Well, Kropotkin’s 170th birthday has come and gone, and the world has not come to an end. In celebration of being able to continue celebrating Kropotkin’s and others’ birthdays, I am posting the first of two excerpts from Kropotkin’s essay on representative, or parliamentary, forms of government, from Kropotkin’s Words of a Rebel, which I was unable to include in Volume One of Anarchism: A Documentary History of Libertarian Ideas. The continuing failings of representative government are well illustrated by recent elections in the United States and Egypt, where representative forms of government are still being used to deprive people of any effective control over their daily lives.
“The mission of the State,” we have been told in order to delude us, “is to protect the weak against the strong, the poor against the rich, the working classes against the privileged classes.” We know how governments have fulfilled such missions; they have done the reverse. Faithful to its origin, representative government has always been the protector of privilege against those who set out to free themselves from it. Representative government in particular, with the connivance of the people, has organized the defence of the privileges of the commercial and industrial bourgeoisie against the aristocracy on one side and the exploited on the other — showing itself modest, polite, well mannered toward the first, and ferocious towards the others. That is why even the slightest of laws protecting the worker, no matter how harmless it may be, can be wrung from a parliament only by an agitation that comes close to insurrection. Remember merely the struggles it was necessary to wage, the agitations to which people had to devote themselves, in order to obtain from the British Houses of Parliament, the Swiss Federal Council, the French Chambers, a few wretched laws limiting the hours of work! The first legislation of this kind, voted in England, was extorted only by putting barrels of powder under the machines in the factories.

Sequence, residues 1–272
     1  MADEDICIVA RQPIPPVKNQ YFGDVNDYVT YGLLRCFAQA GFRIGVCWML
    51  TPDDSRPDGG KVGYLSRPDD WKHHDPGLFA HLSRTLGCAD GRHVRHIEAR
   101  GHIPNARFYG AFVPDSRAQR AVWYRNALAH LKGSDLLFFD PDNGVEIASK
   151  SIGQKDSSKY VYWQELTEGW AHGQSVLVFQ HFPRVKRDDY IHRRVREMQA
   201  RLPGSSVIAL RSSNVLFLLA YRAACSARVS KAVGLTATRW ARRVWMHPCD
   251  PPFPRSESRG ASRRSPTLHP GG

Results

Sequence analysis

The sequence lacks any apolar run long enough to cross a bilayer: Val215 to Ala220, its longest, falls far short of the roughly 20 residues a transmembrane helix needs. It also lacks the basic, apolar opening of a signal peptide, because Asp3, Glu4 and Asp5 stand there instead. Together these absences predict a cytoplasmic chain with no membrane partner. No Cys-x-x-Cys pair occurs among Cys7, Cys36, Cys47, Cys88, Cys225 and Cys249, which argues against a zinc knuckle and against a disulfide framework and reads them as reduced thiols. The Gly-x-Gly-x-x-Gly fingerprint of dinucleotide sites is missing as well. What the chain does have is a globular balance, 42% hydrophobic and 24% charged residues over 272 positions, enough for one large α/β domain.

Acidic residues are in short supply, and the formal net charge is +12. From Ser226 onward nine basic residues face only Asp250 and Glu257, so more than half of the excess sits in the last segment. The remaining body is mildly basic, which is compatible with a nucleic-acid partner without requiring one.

Elsewhere, in countries where the aristocracy has not yet been destroyed by the revolution, the lords and the bourgeois get along marvellously together. “Grant me the right to legislate, m’lord, and I will mount guards around your castle!” — and he mounts the guard as long as he does not feel threatened.
It took forty years of agitation, which sometimes carried fire through the countryside, before the English parliament decided to guarantee to the farmer the benefit of improvements he made on land he held by lease.
As to the famous “land law” voted for Ireland, it was necessary, as Gladstone himself admitted, for the country to rise in a general insurrection, openly refusing to pay rents and defending themselves against evictions by boycott, fires and the killing of landlords before the bourgeois would vote the wretched law that purported to protect the hungry land against the lords who starved it.
But if it is a matter of protecting the interests of the capitalist, threatened by insurrection or even agitation, then representative government, that organ of capitalist domination, will turn savage. It attacks, and it does so with more confidence and baseness than any despot. The law against socialists in Germany is the equivalent of the edict of Nantes; and not even Catherine II after the peasant rising of Pugachev or Louis XVI after the wheat riots displayed such ferocity as the two “National Assemblies” of 1848 and 1871, whose members shouted: “Kill the wolves, the she-wolves and their cubs,” and unanimously, without a single opposing voice, rejoiced in their slaughter by soldiers drunken with blood! The anonymous beast with six hundred heads showed itself able to surpass Louis XI and Ivan the Terrible and their kind!
It will be the same wherever there is a representative government, whether it is elected in the regular way or is imposed in the lurid light of an insurrection. Either economic equality will prevail in the nation and the free and equal citizens will no longer surrender their rights into anyone else’s hands, seeking out instead a new organization that will permit them to manage their own affairs; or, there will still be a minority who will dominate the masses on the economic level, and it is then that the masses must be watchful. Representatives elected by that minority will act appropriately. They will legislate to maintain their privileges and will act with violence and massacre against those who do not submit.